The point is that while attractive, this solution quickly becomes its own full-time job. In the same vein as building your own home instead of hiring a builder, you are already focusing resources on what you do best. A third party can handle those updates and expand in a manner your team cannot without significant investment.

A third party can also respond to unreliable probe servers with greater agility. If a server is unreliable, good providers will make necessary changes and work for uptime.

Support also matters. If your service fails, and you are monitoring on your own, you have to troubleshoot every aspect of the diagnosis. That could involve weeding through forums and threads, sometimes years old, tracking down solutions that may or may not work.

Why Do I Need More Than One Location Monitoring?

What if you had access to a team of dedicated users that were viewing your site, its assets, and recording performance and errors encountered 24/7? That’s the essence of using multiple probe servers to monitor a single URL.

Confirmation from around the globe, or even just your home region, offers the most comprehensive means of reporting if it’s up or down.

Why Define an SLA in the First Place?

Your customers deserve reliable service. Full stop. We do have more reasons though.

Poor incident management is a drain on support resources. We know that support tickets related to downtime decrease when users are directed to a status page that contains accurate and up-to-date details of ongoing downtime.

Poor uptime also hurts SEO. Search engines won’t serve an unreliable source to end users. You’ll be pushed out by someone better focused on content delivery.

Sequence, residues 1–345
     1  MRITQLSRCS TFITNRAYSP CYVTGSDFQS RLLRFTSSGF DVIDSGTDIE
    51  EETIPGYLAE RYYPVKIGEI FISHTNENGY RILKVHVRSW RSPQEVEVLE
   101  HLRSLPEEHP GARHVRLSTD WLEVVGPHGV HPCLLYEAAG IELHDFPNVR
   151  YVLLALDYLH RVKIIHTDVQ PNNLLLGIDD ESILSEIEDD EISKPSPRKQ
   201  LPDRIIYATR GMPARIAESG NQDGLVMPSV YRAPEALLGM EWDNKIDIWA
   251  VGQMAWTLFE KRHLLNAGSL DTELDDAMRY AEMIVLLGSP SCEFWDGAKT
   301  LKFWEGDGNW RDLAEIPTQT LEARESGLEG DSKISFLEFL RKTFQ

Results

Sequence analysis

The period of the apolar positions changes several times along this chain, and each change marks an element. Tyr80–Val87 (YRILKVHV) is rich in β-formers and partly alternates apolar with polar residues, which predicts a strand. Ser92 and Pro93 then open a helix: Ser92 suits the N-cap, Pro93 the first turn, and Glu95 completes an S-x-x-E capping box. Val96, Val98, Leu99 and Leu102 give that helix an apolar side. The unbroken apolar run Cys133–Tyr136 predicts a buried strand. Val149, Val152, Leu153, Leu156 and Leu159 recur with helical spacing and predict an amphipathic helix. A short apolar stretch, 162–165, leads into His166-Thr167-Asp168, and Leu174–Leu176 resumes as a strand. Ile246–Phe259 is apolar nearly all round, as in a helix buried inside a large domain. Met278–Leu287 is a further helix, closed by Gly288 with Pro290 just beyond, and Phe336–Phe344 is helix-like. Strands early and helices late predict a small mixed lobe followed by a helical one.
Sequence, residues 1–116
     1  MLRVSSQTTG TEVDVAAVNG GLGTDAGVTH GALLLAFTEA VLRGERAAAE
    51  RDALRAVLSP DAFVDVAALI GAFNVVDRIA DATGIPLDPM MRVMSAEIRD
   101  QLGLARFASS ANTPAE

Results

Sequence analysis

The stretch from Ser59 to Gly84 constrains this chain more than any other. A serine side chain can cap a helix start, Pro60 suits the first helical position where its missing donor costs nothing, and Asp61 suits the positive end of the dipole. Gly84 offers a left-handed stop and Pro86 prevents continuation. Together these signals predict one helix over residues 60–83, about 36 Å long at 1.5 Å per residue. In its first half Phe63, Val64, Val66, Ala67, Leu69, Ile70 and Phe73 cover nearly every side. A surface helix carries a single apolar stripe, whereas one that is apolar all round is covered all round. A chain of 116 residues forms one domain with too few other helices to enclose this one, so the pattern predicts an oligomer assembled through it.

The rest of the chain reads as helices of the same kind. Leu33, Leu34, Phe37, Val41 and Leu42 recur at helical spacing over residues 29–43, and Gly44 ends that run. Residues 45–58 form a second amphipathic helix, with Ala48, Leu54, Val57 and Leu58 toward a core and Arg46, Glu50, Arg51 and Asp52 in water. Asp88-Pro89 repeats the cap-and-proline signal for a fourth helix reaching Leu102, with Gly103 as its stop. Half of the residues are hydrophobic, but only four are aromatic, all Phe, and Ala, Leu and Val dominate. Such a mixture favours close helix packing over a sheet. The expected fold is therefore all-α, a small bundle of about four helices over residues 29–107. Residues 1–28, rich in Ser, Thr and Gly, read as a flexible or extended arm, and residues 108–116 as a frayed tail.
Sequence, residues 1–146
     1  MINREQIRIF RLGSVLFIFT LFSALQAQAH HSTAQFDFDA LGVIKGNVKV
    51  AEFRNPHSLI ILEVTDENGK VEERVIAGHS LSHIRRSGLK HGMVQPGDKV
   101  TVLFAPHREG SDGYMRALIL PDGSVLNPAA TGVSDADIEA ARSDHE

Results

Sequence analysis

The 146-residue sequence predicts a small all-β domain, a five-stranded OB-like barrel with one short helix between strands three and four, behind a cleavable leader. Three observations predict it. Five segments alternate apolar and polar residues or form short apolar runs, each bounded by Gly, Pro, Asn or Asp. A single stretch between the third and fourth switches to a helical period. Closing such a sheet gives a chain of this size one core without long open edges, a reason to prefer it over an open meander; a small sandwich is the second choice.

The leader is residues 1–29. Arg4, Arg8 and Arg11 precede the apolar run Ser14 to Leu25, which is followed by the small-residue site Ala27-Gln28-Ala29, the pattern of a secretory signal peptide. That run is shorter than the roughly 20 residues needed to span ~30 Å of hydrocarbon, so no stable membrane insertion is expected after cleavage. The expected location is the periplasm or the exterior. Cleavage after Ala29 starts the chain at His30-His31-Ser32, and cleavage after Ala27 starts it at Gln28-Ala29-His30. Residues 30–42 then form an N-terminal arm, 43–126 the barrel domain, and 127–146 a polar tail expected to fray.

You will also find that larger client acquisitions will rely heavily on assurances of your reliability and service uptime. Some of which are legally binding.

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As companies look to invest more in your services, they will expect performance and uptime to remain top notch. Circling back to trust, investing more in your service is a sign you’re doing everything right. Why not take the extra effort to invest in your uptime?

Tip: The Uptime.com RUM check uses the Apdex standard to measure end user satisfaction. Combined with HTTP(S) checks for uptime, RUM can prove a valuable tool in helping to enforce your SLA requirements.

Finding a Reliable Provider

Find the check types you need most, and focus on meeting that base requirement first. Some basic checks we recommend you look for include:

  • SSL
  • DNS
  • WHOIS/Domain Expiry

Study the history of your provider. Examine the 30/60/90 day range of your provider’s status page. If you’re finding good scores, you know you’re dealing with someone reliable. Your next stop should be release notes, where you’ll want to note how often new features are released and whether they apply to you and your team.

Tip: Subscribe to that provider’s status page so you’re aware of any changes, updates, or downtime that may occur.

Finally, add some reviews and blogs to your research. While not always the most impartial of sources, they can be a good way to gather a list of features, compare costs, and hear from others about specific experiences. G2, Capterra, and blogs are all fairly reliable places to begin your search.

Final Thoughts

External monitoring is all about respecting your customer’s time down to the millisecond. If you care about content delivery, if you’ve invested in your infrastructure, performance monitoring is a necessity. Would you deploy a system without any kind of tracking attached to see how it performs in the wild?

Why would you trust your infrastructure to chance?

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Richard Bashara is Uptime.com's lead content marketer, working on technical documentation, blog management, content editing and writing. His focus is on building engagement and community among Uptime.com users. Richard brings almost a decade of experience in technology, blogging, and project management to help Uptime.com remain the industry leading monitoring solution for both SMBs and enterprise brands. He resides in California, enjoys collecting and restoring arcade machines, and photography.